GAO Report: Unemployment Fraud Spiked During Pandemic
“I don’t want to hear any more of these lies about reckless spending,” President Biden complained Tuesday. “We’re changing people’s lives.” But a June 2022 report from the Government Accountability Office (GAO) reveals that tens of billions of dollars had, indeed, been spent recklessly during the COVID pandemic.
According to the report, “The risk of UI [unemployment insurance] improper payments, including from fraud, greatly increased during the pandemic.” The Department of Labor (DOL) “reported an increase from $8.0 billion (9.2 percent improper payment rate) for fiscal year 2020 to $78.1 billion (18.9 percent improper payment rate) for fiscal year 2021.” In addition to “eligibility determination issues,” where a recipient of benefits finds work and doesn’t report it, “DOL stated that during the pandemic, increased identity theft was a main cause.”
During the COVID pandemic, so much government money — for everything, basically — was sloshing around that there was bound to be additional fraud. According to the DOL’s figures, the improper payment rate only doubled, while the dollar value of fraudulent payments increased by nearly a factor of 10. From those figures, we can roughly calculate that total unemployment insurance payments were five times higher during COVID. “The CARES Act UI programs created new, and increased existing, fraud risks,” reported the GAO. No kidding.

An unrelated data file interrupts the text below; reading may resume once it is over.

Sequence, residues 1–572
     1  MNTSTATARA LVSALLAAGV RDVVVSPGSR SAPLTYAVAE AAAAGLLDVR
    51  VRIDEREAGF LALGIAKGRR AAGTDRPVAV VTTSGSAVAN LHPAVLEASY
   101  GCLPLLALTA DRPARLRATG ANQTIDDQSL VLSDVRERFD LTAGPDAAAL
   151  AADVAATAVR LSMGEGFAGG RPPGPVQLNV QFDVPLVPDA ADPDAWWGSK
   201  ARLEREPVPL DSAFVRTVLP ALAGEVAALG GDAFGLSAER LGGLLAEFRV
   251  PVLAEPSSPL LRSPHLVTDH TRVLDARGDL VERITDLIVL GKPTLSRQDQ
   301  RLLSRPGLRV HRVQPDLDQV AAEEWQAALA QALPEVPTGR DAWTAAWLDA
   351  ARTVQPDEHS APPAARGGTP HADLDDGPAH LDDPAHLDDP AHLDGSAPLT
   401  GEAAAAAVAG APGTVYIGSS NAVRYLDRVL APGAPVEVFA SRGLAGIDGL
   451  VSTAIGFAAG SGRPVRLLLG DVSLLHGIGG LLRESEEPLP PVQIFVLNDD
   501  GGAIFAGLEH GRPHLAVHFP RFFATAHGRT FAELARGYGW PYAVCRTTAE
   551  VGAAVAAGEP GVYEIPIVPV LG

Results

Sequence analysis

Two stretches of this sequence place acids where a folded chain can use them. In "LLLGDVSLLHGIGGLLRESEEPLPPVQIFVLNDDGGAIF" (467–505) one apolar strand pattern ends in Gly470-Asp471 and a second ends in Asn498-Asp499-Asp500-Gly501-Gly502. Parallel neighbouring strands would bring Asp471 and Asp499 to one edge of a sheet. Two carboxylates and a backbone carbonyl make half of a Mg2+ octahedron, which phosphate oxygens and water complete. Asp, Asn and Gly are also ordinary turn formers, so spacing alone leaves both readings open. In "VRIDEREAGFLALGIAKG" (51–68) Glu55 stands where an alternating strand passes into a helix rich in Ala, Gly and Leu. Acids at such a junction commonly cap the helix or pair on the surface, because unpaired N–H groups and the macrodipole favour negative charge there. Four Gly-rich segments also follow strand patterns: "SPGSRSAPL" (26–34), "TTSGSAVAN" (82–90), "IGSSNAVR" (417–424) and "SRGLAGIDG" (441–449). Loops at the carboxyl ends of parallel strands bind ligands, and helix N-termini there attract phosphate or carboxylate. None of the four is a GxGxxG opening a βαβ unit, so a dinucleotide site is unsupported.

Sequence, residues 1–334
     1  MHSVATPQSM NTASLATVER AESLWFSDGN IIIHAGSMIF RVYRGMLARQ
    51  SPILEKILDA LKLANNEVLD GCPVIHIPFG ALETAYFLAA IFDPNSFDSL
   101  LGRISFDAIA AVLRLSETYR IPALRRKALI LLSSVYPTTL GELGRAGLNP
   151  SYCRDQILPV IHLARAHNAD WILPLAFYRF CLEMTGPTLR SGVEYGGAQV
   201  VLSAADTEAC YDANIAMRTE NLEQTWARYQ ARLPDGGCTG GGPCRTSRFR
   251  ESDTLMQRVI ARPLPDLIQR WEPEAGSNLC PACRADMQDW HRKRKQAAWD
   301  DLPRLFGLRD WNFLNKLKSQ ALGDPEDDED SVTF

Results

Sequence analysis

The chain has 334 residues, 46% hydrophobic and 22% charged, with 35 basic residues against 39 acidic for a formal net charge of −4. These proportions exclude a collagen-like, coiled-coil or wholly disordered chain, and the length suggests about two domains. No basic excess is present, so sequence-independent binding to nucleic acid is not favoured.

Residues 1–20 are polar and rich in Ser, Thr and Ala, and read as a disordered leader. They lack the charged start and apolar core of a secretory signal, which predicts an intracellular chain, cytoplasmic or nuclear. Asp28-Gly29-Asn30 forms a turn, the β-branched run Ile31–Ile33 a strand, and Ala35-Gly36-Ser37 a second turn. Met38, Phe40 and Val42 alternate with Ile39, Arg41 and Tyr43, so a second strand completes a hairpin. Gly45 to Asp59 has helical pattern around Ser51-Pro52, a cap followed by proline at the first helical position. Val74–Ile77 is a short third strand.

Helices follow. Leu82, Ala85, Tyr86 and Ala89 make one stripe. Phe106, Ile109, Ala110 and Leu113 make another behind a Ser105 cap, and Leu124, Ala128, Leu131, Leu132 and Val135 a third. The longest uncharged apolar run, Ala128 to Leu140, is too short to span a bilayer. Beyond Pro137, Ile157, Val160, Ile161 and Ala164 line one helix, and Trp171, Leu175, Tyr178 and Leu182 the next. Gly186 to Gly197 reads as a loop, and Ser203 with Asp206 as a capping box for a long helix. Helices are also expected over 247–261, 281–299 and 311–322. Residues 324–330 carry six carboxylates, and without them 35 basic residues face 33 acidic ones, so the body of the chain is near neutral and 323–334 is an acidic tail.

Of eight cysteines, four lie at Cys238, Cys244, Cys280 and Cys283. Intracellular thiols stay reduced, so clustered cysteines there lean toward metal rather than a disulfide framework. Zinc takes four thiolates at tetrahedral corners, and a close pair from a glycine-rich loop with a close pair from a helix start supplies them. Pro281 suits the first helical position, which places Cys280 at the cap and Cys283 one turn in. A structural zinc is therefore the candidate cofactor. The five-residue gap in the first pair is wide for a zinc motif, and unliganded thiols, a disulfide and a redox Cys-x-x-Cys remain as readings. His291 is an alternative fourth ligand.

One of the biggest pandemic-era lessons we shouldn’t have needed to learn is, the more money the federal government doles out, the more money finds its way into the wrong hands. It was relatively easy to uncover improper payments when major corporations took money intended for small businesses — such as the $80 million obtained by Planned Parenthood. But it’s much more difficult to discern fraud at the individual level — particularly through unemployment insurance programs administered by state governments.
At the beginning of the pandemic, our society made a collective decision to force people to quit working with lockdown orders, on the theory that they would be more protected from the coronavirus at home. Then, to compensate those who were prevented from working against their will (along with everyone else), we expanded unemployment insurance with bonus payments, on top of the usual compensation. We also sent direct cash payments to taxpayers. A social safety net plays an important role, but the misspending during COVID went far beyond a social safety net.
As year-over-year inflation hit 8.6% in May, America is reaping the fruits of the reckless spending that juiced up the economy with extra money with nowhere to go. On top of that, the GAO report and others like it are informing us (or at least confirming our suspicions) that much of the money was misspent. In fiscal year 2021, $78 billion was misspent on unemployment insurance payments alone. And this enormous mistake was entirely predictable. The question is, when the next opportunity for reckless spending presents itself, will Americans and their elected representatives have the prudence to say no?
Joshua Arnold is a staff writer at The Washington Stand.